Edit: An important question is also: What’s the benefit of knowing your power output? I think the main point is that it can help with training because it allows you to pace yourself. For example to ride intervals at a constant 300W for 5 minutes or long endurance rides at 160W for 4 hours. But in the end the power value itself doesn’t have any deeper meaning. If you know that you can (barely) sustain resistance level 5 at 90rpm for 5 minutes on your stationary trainer or ride 4 hours at resistance level 3 that’s just as valuable.

• Pedal based PM is a good idea, but might be a little more tricky than it sounds - think they typically need to know the crank length? Commented Feb 7, 2022 at 15:57
• @AndyP: Yes, for pedal based power meters you have to configure crank length. I think most are set to 172.5mm per default. Commented Feb 7, 2022 at 16:35

When you say "older stationary bike" the ones with a fixed gear on something that looks like a roughly 20 inch wheel that uses brake pads for resistance come to mind.

Like this one

The pictured type comes with a speedometer with integrated odometer.

There is no "standard". Different makers used different sized wheels and different gearing combinations over time.

You can calculate the number you are looking for.

First, calculate the circumference of the wheel
Second, count how many times the wheel rotates per pedal rotation
Third, multiply the wheel rotations by the circumference to get distance traveled in one pedal rotation
Lastly divide one kilometer by the distance traveled in one pedal rotation to know how many full pedal rotations per kilometer

• That will tell you the total distance moved by the wheel, but there's not reason for it to be anything like the distance you'd do on a real outdoor bike for the same effort and duration. The effort outdoors goes mostly into pushing against air resistance, rolling resistance and hills, none of which apply indoors.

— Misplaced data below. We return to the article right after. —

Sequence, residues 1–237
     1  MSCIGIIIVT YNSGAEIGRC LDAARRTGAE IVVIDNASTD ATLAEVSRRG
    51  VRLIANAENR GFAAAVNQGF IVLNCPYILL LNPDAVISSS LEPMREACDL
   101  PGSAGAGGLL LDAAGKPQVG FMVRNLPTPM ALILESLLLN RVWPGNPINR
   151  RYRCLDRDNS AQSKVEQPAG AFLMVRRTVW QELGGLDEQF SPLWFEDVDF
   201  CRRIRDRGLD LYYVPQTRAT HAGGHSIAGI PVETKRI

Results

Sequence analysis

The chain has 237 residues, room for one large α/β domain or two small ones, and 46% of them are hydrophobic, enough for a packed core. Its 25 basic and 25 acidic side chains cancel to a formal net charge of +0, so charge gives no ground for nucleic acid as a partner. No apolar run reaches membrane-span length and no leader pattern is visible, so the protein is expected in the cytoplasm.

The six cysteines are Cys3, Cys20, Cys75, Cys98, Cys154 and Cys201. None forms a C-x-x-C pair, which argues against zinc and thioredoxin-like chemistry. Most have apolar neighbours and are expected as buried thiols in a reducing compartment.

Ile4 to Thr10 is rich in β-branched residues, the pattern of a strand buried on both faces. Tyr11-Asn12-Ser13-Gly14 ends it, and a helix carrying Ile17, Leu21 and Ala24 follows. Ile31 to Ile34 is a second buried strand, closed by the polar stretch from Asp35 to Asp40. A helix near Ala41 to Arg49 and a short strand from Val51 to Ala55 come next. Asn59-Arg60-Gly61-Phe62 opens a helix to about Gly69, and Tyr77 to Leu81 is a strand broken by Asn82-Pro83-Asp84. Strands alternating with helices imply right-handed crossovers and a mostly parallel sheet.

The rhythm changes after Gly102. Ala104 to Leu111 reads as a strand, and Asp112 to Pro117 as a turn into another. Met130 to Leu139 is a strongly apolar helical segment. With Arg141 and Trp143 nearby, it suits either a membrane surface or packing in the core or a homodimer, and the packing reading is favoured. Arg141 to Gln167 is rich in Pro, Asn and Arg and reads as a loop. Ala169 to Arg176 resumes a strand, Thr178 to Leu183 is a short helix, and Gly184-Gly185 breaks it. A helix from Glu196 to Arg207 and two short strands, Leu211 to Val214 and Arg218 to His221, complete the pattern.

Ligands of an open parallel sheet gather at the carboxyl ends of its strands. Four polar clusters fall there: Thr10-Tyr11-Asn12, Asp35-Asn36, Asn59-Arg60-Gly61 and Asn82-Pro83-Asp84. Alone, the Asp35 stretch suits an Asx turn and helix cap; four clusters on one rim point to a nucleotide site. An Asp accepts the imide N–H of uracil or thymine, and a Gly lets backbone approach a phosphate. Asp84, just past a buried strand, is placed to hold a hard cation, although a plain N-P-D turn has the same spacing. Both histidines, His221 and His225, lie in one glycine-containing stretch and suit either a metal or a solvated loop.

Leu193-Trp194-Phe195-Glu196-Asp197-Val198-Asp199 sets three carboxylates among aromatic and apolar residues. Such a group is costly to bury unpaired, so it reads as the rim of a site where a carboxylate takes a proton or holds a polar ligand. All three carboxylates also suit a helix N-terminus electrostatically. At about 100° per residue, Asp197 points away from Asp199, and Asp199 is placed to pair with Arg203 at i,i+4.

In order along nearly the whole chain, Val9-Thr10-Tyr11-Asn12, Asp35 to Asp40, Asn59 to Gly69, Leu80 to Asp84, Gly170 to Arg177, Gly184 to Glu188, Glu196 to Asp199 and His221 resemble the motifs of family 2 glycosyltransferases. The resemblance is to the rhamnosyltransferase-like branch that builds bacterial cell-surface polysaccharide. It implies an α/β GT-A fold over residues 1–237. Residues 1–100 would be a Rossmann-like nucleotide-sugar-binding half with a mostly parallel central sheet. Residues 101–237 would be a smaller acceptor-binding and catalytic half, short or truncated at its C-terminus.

– bdsl
Commented Feb 7, 2022 at 21:45
• @bdsl The question was about distance moved by the wheel so the answer addressed the question. Stationary bikes attempt to mimic road conditions using some type of resistance - adjustable brakes, magnetic resistance etc. It's never the same as the road and to some extent it does not matter. The goal is to get some exercise and a stationary bike set up correctly and ridden regularly can do that. Commented Feb 8, 2022 at 13:15
• Yes stationary bikes attempt to mimic road conditions, but I don't think they make any attempt to make the effort to move the wheel a certain distance comparable to the effort to move the same distance on a road. There's no reason to do that since normally the wheel distance on a stationary bike isn't observed.
– bdsl
Commented Feb 8, 2022 at 13:23
• @bdsl I must be misunderstanding your point. No one asked any questions or made any claims about stationary bikes comparing to riding a real bike. The wheel distance is one on a stationary bike is observed on many models of stationary bike. I have added a picture to my answer showing the odometer on that model. Commented Feb 8, 2022 at 15:24
• THIS is the answer to the question asked. The other answer do a great job of pointing out why the question may have been the wrong one, but this actually answers it. Commented Feb 8, 2022 at 17:22

After some consultation, we have agreed that the number of pedal revolutions per kilometer on a stationary bicycle is typically either zero or infinite, depending on the bike.

No middle ground on this one.

• Zero or infinite is not helpful. Buy an inexpensive odometer, measure the circumference of the wheel, mount the gizmo, affix the measure magnet or whatever, tell the device "my wheel is 31.5 inches in diameter" or whatever, turn it on, pedal. Watch the numbers go up. Surely that is better than "zero or infinite"... Even a GPS, on the same route outside, is just an estimate, given the error rates. Did I ride 32.3, or 32.5, or 32.7 today? Meh, I did 32 miles. Commented Feb 8, 2022 at 2:28
• @railsdog that's a good suggestion, if the bike has none of that already. Go for X km regardless of how long it takes, or aim for a steady pace of Y km/h for the exercise's set duration. Consistency is the goal, or comparable numbers between days, and not comparing with any other bike.
– Criggie
Commented Feb 8, 2022 at 9:10